CT -Support For Animals That Are Neglected or Treated Cruelly – HB 5344

Taken from The Humane Society of The United States

Please help by finding your legislators and calling them and asking them to support this bill: cga.ct.gov/asp/menu/cgafindleg.asp

 

SUPPORT of HB 5344, An Act Concerning Support for Animals that are Neglected or Treated Cruelly

What will HB 5344 do?

HB 5344 would establish a program for appointing an advocate for an animal that is the subject of a criminal court proceeding, and help to facilitate animal cruelty prosecutions by ensuring appropriate representation for the victims. The program is no-cost, discretionary, and under the Court’s supervision.  Advocates will be pulled from a list of attorneys and law students with knowledge of the sociology of animal cruelty.

Why the need for HB 5344?

80% of cruelty offenses are not prosecuted or dismissed, and animal abuse needs to be taken seriously.

A 2015 research report by the Office of Legislative Research [2015-R-0262] describes procedural outcome of animal cruelty offenses from 2005 through October 26, 2015 [n=3,513]. Table 2 shows that 47% of offenses were nolled, 33% were dismissed, 2% resulted in findings of not quilty, and only 18% resulted in guilty findings.

These statistics are very concerning given what we know about the often escalating violence that can result from ignoring animal abuse.  Research has established that there are strong links between violent behaviors toward humans and violent behaviors towards animals. The FBI recognizes this link, and now collects data on animal cruelty crimes via its National Incident-Based Reporting System [NIBRS].

  • The connection between animal abuse and criminal violence

A number of studies have drawn links between the abuse of animals and violence against people.  A 2001-2004 study by the Chicago Police Department “revealed a startling propensity for offenders charged with crimes against animals to commit other violent offenses toward human victims.” Of those arrested for animal crimes, 65% had been arrested for battery against another person. Of 36 convicted multiple murders questioned in one study, 46% admitted committing acts of animal torture as adolescents.  And of seven school shootings that took place across the country between 1997 and 2001, all involved boys who had previously committed acts of animal cruelty.

The connection between animal abuse and domestic abuse

Pet abuse is one of four predictors of domestic partner violence, according to a six-year “gold standard” study conducted in 11 metropolitan cities.  In both domestic violence and child-abuse situations, abusers may manipulate and control their human victims through threatened or actual violence against family pets.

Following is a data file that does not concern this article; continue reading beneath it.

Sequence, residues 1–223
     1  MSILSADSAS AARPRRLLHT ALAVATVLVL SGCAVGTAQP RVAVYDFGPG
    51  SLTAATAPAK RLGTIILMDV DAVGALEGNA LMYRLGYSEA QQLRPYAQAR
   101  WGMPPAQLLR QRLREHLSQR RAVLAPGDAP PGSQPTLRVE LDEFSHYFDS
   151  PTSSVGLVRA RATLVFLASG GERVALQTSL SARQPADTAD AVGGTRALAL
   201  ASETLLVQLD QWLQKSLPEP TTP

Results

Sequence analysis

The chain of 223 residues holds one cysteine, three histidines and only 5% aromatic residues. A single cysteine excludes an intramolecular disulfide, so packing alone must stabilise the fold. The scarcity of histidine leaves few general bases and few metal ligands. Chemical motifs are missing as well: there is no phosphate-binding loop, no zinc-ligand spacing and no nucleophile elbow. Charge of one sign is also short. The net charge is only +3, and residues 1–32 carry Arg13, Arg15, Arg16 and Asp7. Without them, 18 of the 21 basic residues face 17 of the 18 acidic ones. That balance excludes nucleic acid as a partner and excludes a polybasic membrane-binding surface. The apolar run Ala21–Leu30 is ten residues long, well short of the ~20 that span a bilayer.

Researchers have found that over 70% of women entering domestic violence shelters reported that their partners had threatened, abused, or killed the family pet.  Another study found that in families under supervision for physical abuse of their children, pet abuse was concurrent in 88% of the families.

Stopping animal abuse strengthens our communities

Reporting, investigating, and prosecuting animal cruelty can help take dangerous criminals off the streets. Police know that in homes where animal abuse is a problem, other issues are often concurrent.  Acts of animal cruelty are linked to a variety of other crimes, including violence against people, property crimes, and drug or disorderly conduct offenses.  Stopping animal abuse in children can help curb violent tendencies before they escalate to include violence against people.

More than a dozen states, including Connecticut, have cross-reporting laws; at least two dozen states have laws, including Connecticut, that allow courts to include pets in protection orders in domestic violence situations; and at least two dozen states, including Connecticut, have counseling provisions in their animal cruelty laws.

The mission of The Humane Society of the United States is to create a humane and sustainable world for all animals-a world that will also benefit people.  We believe that promoting kindness and respect towards animals will help build a more humane and better functioning civil society.

Contact:

Annie Hornish

Connecticut Senior State Director, The Humane Society of the United States

Cell: 860-966-5201 EMAIL: ahornish@humanesociety.org

 


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